After World War II, Britain was faced with two challenges: a damaged infrastructure that needed immediate repair and laborers willing to do tedious work. Empire Windrush, the British ship traveled to Jamaica, Trinidad and Tobago, and Barbados, already colonized by the United Kingdom, seeking aid. On June 22, 1948, the ship returned with some 500 passengers aboard. Those who answered the call have been classified or categorized as "the Windrush Generation."
The Windrush Generation refers to Caribbean nationals who arrived in Great Britain as immigrants under the Immigration Act of 1948. Although they were treated as British subjects, this act granted the unskilled workers and some veterans from the islands entry into the country and British citizenship. Due to successful advertisements from the United Kingdom, thousands more Jamaicans', Trinidadians' and Barbadians' traveled with their children (no passports necessary) to Great Britain to work and begin a new life.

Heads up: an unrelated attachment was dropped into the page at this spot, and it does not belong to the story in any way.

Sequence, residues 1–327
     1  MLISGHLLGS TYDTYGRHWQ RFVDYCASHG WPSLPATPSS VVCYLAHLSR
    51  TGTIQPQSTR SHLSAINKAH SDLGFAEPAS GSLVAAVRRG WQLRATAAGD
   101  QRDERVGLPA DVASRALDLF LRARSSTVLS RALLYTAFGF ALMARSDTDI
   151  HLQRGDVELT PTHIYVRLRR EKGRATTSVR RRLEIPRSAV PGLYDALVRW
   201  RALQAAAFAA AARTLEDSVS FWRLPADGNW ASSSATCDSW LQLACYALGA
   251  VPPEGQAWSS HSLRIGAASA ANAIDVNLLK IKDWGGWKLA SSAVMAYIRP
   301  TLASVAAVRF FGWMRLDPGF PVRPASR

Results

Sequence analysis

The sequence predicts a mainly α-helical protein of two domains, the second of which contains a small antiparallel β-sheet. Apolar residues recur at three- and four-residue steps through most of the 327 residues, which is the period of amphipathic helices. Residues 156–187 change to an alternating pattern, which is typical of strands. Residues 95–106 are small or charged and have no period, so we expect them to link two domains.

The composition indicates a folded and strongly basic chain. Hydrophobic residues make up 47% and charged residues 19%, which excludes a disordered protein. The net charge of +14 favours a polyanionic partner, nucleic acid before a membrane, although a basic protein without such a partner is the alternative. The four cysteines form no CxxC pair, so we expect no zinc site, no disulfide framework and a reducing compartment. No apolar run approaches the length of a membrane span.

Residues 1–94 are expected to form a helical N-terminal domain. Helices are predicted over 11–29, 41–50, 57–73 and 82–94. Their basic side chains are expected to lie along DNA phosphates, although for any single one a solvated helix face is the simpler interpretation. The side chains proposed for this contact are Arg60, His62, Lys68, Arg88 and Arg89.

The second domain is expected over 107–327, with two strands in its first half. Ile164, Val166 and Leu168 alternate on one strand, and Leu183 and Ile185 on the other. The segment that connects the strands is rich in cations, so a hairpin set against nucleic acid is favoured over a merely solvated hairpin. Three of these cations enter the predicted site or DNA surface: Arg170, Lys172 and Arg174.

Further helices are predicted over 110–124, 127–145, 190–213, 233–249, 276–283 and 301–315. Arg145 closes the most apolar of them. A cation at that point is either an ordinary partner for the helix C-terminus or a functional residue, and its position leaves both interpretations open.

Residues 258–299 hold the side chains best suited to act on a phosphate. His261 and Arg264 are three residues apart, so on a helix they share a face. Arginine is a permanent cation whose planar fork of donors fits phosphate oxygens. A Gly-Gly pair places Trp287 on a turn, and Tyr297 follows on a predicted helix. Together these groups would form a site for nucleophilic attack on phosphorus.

The problem today is that many people of the Windrush Generation who do not have British citizenship, despite having lived and been formally educated there for decades, are now facing deportation.
This reporting project investigates the effects of deportation on the Windrush Generation from Jamaica. What influences Jamaicans' attitudes toward the Windrush Generation scandal? What are resolutions for the betterment of this generation, especially the children?